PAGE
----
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If you are going to rejoice in the Lord, you have to do it today, not next Tuesday. This is because if you wait until next Tuesday, you will come up with a reason to postpone it again.
I understand that today is the pits. Your car’s in the shop, your adult daughter’s not speaking to you, and your Amazon package didn’t come. By next Tuesday, you think, this should all be straightened out. Then you’ll rejoice in the Lord.
Ha! Have you no memory?
I don’t think we mean to disobey the Lord on this point. When we read Philippians 4:4 that says (twice) “Rejoice!” we believe it is a good thing to do: God deserves it, our mental health needs it, and we fully intend to get around to it.
But at the moment we are indisposed because of the car, the daughter, and the package.
“After a little care we should find His love inwardly excite us to it without any difficulty.”
Surely God understands this, we tell ourselves (already excusing noncompliance): He Himself took on flesh; He knows we are dust; He totally gets our present case of nerves and short-temperedness.
What if you died tonight? I guess you’d make it “in.” You have met the minimum requirement of faith in Christ. It’s just that it’s not a faith that makes you excited that the sufferings of this present time are not worth comparing with the glory that is to be revealed to us (Romans 8:18). Or that this light momentary affliction is preparing for us an eternal weight of glory beyond all comparison (2 Corinthians 4:17). Or that after you have suffered a little while, the God of all grace, who has called you into His eternal glory in Christ, will Himself restore, confirm, strengthen, and establish you (1 Peter 5:10).
Quick, change the subject and talk about how “joy” is not the same as “happiness”—how happiness is superficial, transient, and circumstantial, while joy is an inner quality and not necessarily visible to the naked eye. In fact, joy is so inner that it has the appearance to everyone who knows you of depression and complaining.
“Well, see here! Are we just supposed to rejoice on command?” As a matter of fact, yes!
The people of Israel were gathered in the square near the Water Gate by the completed walls of Jerusalem, and Ezra the priest read the Book of the Law from early morning till midday (Nehemiah 8:1-3). The people’s realization that they had neglected God’s book for centuries sank their spirits. They didn’t feel like rejoicing. Gov. Nehemiah commanded it: “This day is holy to the Lord your God; do not mourn or weep. … Do not be grieved, for the joy of the Lord is your strength”.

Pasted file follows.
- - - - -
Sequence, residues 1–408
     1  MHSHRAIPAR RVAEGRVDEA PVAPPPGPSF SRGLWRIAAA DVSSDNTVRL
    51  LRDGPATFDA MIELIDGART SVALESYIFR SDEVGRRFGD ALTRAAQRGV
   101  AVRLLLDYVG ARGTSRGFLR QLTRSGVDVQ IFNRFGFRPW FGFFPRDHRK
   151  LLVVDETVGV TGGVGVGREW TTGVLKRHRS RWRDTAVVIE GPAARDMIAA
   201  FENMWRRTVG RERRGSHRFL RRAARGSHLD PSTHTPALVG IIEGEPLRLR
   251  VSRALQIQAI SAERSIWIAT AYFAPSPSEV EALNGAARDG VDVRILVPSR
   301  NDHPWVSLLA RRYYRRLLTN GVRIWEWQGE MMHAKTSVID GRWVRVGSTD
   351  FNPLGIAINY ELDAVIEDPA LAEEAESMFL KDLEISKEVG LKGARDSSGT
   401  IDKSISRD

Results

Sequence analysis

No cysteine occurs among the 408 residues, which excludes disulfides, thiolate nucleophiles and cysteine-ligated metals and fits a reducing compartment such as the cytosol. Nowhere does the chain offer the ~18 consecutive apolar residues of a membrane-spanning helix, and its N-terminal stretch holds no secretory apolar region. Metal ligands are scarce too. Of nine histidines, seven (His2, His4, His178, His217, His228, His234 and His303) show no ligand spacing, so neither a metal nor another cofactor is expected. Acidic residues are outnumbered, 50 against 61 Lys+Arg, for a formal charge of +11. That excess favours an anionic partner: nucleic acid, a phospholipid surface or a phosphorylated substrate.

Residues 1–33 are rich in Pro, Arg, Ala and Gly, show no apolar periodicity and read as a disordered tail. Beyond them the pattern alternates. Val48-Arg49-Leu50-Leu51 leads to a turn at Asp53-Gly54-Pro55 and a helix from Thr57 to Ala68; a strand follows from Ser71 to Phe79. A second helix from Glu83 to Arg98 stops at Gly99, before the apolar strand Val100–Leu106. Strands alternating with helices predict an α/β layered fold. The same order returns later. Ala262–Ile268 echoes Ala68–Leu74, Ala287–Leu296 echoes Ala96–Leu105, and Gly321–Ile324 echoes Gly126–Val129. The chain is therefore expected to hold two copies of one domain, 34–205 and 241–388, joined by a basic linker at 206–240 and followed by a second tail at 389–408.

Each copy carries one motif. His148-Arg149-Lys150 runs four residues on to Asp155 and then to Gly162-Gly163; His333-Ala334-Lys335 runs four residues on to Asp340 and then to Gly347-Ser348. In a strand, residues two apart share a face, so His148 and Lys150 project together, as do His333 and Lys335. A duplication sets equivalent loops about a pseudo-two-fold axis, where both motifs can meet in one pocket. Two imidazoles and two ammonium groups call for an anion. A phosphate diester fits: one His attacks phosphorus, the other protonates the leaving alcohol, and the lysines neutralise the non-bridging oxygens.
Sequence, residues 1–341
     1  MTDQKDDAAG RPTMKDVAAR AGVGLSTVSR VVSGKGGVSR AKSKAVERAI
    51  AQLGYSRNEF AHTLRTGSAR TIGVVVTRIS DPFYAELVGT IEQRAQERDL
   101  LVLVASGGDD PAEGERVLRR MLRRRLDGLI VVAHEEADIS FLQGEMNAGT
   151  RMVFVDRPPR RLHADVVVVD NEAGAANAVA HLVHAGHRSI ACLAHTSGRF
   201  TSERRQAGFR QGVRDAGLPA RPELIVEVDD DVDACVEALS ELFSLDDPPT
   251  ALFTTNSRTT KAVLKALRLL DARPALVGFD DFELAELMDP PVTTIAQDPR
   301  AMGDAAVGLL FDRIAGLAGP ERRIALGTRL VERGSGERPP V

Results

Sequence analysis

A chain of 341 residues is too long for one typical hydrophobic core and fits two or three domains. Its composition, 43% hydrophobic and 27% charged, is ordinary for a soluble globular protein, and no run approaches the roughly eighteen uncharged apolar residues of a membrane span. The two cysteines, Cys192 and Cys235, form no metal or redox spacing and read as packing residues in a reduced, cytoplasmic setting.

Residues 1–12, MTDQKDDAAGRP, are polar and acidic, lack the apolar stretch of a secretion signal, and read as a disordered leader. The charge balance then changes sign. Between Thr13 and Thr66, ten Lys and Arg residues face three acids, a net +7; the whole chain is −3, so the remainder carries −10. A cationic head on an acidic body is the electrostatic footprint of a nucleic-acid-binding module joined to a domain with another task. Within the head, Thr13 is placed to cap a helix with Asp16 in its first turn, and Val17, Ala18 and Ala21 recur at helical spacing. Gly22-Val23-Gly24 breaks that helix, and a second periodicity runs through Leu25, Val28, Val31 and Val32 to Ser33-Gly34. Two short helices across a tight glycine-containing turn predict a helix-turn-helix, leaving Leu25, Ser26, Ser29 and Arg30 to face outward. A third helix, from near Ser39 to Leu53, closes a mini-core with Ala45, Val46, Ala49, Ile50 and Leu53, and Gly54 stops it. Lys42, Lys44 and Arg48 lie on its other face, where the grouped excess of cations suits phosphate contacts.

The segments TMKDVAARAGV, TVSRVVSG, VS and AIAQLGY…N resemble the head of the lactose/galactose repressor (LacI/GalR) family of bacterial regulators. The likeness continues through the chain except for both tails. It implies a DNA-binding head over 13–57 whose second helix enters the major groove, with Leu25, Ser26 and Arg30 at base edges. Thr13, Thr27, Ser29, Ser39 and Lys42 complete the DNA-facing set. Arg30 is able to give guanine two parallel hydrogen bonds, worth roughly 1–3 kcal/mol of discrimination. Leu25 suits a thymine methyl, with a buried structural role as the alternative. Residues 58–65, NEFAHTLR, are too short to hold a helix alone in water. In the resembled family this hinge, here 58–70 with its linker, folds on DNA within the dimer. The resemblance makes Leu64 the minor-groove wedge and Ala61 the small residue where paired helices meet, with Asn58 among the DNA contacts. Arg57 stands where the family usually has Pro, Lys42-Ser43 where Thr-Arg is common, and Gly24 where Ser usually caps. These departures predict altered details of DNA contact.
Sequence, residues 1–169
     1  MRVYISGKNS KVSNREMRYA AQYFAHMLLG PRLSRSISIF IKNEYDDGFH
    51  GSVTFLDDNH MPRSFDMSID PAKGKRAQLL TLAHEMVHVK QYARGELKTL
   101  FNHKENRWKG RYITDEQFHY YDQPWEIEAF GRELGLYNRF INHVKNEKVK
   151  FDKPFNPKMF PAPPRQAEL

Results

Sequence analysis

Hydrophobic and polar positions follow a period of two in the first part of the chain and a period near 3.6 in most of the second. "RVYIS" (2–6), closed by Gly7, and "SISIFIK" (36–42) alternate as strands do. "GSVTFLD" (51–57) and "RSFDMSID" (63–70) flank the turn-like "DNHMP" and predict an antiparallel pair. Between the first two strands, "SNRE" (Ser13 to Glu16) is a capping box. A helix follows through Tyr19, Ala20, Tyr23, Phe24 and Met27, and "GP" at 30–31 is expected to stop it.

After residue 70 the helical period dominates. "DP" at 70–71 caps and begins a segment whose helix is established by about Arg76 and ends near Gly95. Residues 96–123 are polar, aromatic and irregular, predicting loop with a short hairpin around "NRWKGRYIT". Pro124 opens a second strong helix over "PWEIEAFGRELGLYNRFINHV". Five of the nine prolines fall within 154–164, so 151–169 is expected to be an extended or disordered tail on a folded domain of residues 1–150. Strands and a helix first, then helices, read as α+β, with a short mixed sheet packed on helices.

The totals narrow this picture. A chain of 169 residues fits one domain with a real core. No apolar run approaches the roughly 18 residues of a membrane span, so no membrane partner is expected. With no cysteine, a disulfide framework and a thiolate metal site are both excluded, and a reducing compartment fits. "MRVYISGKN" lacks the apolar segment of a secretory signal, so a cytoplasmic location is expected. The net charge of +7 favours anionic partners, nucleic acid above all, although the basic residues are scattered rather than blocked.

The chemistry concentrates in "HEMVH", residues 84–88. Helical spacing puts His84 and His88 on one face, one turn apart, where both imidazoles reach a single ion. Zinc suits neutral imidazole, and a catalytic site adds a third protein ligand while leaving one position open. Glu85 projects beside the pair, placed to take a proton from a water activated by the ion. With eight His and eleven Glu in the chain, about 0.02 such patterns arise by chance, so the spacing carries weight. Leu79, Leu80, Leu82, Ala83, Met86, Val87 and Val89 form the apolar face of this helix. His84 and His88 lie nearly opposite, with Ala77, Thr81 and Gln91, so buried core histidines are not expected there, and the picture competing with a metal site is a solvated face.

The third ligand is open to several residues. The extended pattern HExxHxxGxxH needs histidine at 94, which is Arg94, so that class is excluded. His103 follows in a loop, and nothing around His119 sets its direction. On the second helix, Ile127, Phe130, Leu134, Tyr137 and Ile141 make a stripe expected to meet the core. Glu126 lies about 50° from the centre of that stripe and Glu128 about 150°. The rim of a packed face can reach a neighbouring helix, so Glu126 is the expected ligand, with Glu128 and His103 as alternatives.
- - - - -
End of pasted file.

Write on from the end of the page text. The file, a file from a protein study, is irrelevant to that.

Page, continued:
Rejoicing is a choice. It is always deliberate, never accidental. There are two ways, the high way and the low way. There are two and only two settings for your mind: on things above or on things below (Colossians 3:2). The act of rejoicing is the doorway to the higher setting, giving instant perspective for rightly viewing the earthly troubles. We put on “the garment of praise instead of a faint spirit” (Isaiah 61:3).
Brother Lawrence, a 17th-century Carmelite friar, called it “practicing the presence of God”: “In order to form a habit of conversing with God continually, and referring all we do to Him, we must at first apply to Him with some diligence; but after a little care we should find His love inwardly excite us to it without any difficulty.”
What victory there is in such abiding consciousness of God(1 Peter 2:19)! This is primary reality, rather than secondary reality (the car, the daughter, the package).
This column is almost over, so let us try it together, moving beyond mere thinkingand lending it voice: “I rejoice in You, Lord!”
If you just said that out loud, you’ve committed an act of rejoicing. Despise not the day of small beginnings.
God’s kingdom is not future only. It begins today, not some elusive Tuesday.